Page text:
MAKHACHKALA, RUSSIAN REPUBLIC OF DAGESTAN— The news of the Boston Marathon bombings circled the globe, and resonated here in Dagestan, a majority Muslim republic in Russia, on the shores of the Caspian Sea.
Last year, Tamerlan Tsarnaev, the older of two brothers suspected of the bombings and a longtime Boston resident, returned to Dagestan, where he had lived for a year during his youth.
Dagestan was the land of his maternal ancestors. But in the last two years, this republic of 3 million people has gained notoriety as the region with the highest level of political and religious violence in all of Russia.
Seeking sharia law
Tsarnaev mainly stayed in the capital, Makhachkala, where he lived with his father. He prayed nearby at the al-Nadiria mosque, a conservative place named after its founder who was fatally shot 10 years ago.
The current imam, Hassan Mahomedovich, does not remember Tsarnaev. He says members want sharia law, but oppose violence.
"Here in the mosque there are no extremists there is no one person with an extremist position. We are orderly only, smart, literate, well-educated Muslims," said Mahomedovich, 73.
Across the street, graffiti reads: "Victory or Heaven."
One mosque member who did not want to be identified said he thought that Tsarnaev was framed by American security services.
This view was pushed here by Tsarnaev’s mother, Zubeidat, who gave an angry press conference after her oldest son was killed in a shootout with Boston police. She said that her son was innocent, and that he was set up, and then killed by American security services.
Boston coroners say that Tamerlan Tsarnaev's bullet wounds were compounded by his younger brother Dzhokar running him over in a getaway car.
Later, the mother told reporters that Tamerlan’s greatest influence in Dagestan was a third cousin -- Magomed Kartashov, head of the Union of the Just, a pro-sharia group in the town of Kizlyar.
VOA drove two hours north, and talked to Rasim Ibadanov, a Union of the Just leader. He remembers Tsarnaev as a happy, humorous person.
“When we found out from the first time that it was Tamerlan Tsarnaev, that was a huge shock for us,” said Ibadanov, in a barbecue restaurant where other members had gathered.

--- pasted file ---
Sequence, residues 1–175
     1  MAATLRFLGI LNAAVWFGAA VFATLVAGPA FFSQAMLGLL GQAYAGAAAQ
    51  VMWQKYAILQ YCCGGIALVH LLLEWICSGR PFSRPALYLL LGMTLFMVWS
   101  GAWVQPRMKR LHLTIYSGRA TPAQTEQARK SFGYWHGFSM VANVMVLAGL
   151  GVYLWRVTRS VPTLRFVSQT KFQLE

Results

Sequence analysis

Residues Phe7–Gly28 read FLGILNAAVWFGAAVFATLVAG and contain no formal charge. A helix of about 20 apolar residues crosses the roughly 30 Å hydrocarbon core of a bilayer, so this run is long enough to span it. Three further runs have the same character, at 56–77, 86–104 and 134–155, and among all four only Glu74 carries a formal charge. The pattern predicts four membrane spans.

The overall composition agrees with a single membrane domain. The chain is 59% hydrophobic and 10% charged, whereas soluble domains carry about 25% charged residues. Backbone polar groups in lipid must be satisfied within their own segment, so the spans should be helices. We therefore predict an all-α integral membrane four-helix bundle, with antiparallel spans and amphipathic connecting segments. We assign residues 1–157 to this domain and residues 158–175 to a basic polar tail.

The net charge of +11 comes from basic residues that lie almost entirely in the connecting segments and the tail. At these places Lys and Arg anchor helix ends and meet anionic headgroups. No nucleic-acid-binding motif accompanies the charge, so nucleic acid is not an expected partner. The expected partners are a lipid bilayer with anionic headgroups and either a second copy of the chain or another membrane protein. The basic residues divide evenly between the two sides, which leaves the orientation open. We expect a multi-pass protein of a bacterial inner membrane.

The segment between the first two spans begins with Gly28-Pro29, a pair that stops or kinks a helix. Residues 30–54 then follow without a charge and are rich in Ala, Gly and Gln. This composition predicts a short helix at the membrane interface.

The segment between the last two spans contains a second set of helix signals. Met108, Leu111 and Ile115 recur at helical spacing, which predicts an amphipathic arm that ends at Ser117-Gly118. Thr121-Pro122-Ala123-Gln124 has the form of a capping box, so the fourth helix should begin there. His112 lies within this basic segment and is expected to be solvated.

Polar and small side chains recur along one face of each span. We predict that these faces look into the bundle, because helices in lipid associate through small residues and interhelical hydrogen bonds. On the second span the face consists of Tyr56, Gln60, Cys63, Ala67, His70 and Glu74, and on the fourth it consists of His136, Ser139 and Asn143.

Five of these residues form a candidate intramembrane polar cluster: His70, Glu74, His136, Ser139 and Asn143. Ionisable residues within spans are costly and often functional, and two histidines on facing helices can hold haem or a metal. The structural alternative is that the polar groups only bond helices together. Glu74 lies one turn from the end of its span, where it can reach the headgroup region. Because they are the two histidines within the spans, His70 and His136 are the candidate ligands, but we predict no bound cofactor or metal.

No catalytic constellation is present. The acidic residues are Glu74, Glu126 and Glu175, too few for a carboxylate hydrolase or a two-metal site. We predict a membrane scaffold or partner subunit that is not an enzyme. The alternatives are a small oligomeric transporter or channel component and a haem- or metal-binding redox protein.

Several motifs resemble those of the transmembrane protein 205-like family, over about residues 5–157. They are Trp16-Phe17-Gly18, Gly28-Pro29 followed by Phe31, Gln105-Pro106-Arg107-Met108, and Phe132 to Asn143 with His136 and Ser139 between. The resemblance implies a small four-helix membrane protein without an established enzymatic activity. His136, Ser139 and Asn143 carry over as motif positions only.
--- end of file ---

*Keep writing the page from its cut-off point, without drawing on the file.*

Ibadanov said his group walks a fine line: advocating sharia law, but promoting non-violence.
“Yes, we say that we want to live in a sharia society, but we aren’t calling for some kind of destabilization or overthrow of the government, or any other kind of radical or extreme actions," said Ibadanov, a 30-year-old computer specialist. "We are just saying our opinions."
Kartashov, the third cousin, could not be interviewed. His lawyer said he was in a prison hospital, recovering from a police beating after being arrested with a wedding motorcade that flew black flags with Arabic writing.
Ibadanov said police are jailing a nonviolent man and claiming he was a radical mentor to Tsarnaev.
“We think that they are trying to discredit him and claim that he is some kind of illogical extremist, and that he had some effect on radicalizing Tamerlan Tsarnaev," he said.
But extremist attacks - and counter-terrorist operations - are weekly events in Dagestan.
Returning to Makhachkala, a reporter passed through Chirkey. Last August, a suicide bomber killed six people here, including one of Dagestan’s most revered moderate Muslim leaders.
Further down the road, we arrived in Buinaksk, just hours after a policeman and a civilian were killed in a police car. Before that, security officials had blown up a house of suspected extremists.
Zarema Bagavotdinova runs a human rights group for conservative Muslims in the city. She shows us the remains of the house.
“They called me and said that there was a house search," she recalled of the "counter-terrorist operation." "Then, around 8:30, they called and said they supposedly found explosive materials that they couldn’t defuse, and that they blew them together with the house.”
Analysts believe that Tsarnaev came to Dagestan from Boston with radical world views formed from readings he found on the Internet. Here in Dagestan, he saw that some people try to score religious and political points with bombs.